• The importance of establishing relationships between potential benefits to application requirements
  • System changes required for a centralized vacuum system (piping system, control strategy, equipment location and incorporating redundancy)

Take me to the webinar

 

Vacuum Pump Options and Considerations

A common solution for nesting routers is the oil-sealed liquid ring vacuum pump (LRVP). Less common are the lubricated rotary screw vacuum pump and dry (oil-free) rotary vane pump.

The lubricated rotary screw makes the grade for its high vacuum and energy efficiency. Rather than rotating vanes, the design incorporates two parallel screw rotors rotating in opposite directions. Because they never contact each other, there is virtually no wear, and are thus low maintenance. They run very quietly and are considered eco-friendly. 

The dry rotary vane uses more energy but offers a wide performance range and deep vacuum. Like the rotary screw, there is no internal metal-to-metal contact (in this case, of the vanes), so they are durable  and require little maintenance. Generally, the initial cost of dry pumps is greater and they require more expensive maintenance.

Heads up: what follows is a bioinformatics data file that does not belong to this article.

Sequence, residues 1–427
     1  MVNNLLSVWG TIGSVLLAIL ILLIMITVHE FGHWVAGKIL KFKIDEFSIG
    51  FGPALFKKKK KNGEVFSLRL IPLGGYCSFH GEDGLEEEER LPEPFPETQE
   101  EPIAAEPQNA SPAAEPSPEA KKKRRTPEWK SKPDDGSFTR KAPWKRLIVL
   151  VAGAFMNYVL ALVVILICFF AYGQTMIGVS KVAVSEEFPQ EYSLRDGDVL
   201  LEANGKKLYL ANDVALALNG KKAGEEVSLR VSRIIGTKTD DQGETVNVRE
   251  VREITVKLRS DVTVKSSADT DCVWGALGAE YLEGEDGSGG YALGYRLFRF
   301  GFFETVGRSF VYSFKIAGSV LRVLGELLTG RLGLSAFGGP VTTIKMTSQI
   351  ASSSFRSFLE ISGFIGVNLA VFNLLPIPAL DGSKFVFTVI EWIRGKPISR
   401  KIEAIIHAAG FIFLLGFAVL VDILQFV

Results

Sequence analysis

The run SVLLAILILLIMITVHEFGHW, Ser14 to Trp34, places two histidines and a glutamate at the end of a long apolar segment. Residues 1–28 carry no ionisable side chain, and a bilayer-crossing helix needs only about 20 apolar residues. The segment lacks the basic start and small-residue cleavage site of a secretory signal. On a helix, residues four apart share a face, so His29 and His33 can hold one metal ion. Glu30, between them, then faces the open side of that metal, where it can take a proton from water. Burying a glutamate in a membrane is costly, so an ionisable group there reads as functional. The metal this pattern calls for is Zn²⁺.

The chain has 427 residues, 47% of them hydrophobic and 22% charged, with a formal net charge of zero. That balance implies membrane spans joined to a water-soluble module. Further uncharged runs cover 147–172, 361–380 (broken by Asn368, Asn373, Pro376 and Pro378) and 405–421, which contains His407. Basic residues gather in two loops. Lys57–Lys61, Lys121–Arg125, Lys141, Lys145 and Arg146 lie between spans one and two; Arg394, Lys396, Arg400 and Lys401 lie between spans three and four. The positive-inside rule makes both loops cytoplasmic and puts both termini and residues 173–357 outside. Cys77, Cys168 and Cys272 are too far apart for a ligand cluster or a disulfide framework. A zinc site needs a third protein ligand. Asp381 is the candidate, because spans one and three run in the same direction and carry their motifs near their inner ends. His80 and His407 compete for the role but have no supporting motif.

The challenge with using these two types of vacuum pumps in woodworking operations is the usual suspect – sawdust. Ingestion can break vacuum pump types such as the lubricated rotary screw 
and dry rotary vane, unless the utmost care is taken to maintain the complete functionality of the inlet filter.
 
Carryover of wood dust into the vacuum pump and possible rupture of the filter element can increase pressure loss, resulting in a reduction of pump capacity and vacuum level. If the vacuum level is 24” Hg vacuum and there is a pressure drop of 2” Hg vacuum, the pump capacity loss is 33%. If the pressure drop is 3” Hg vacuum, the pump capacity loss is 50%! Because of the heavy dust load, the pressure drop can increase rapidly. It’s highly recommended to install a two-stage inlet filtration system to protect the pump.

 

Oil-sealed Liquid Ring Vacuum Pumps Stand Up to Woodworking Rigors

Using LRVPs is often a good choice for nested parts routers given the combined advantages offered. There is a wide range of product lines with ACFM capacities ranging from under one hundred into the thousands. High-efficiency, single-stage liquid ring vacuum pumps are capable of deep vacuum levels up to 29” HgV, with maximum efficiency throughout the vacuum range.

Oil-sealed liquid ring vacuum pumps, such as the DEKKER VmaxPLUS model, deliver efficient and reliable performance in sawdust environments. 

The LRVP is easily incorporated into the woodworking environment. With its self-contained circulating system, the pump is basically “plug and play.” But the most significant advantage of the oil-sealed liquid ring vacuum pump is its steady performance in a sawdust-heavy work environment.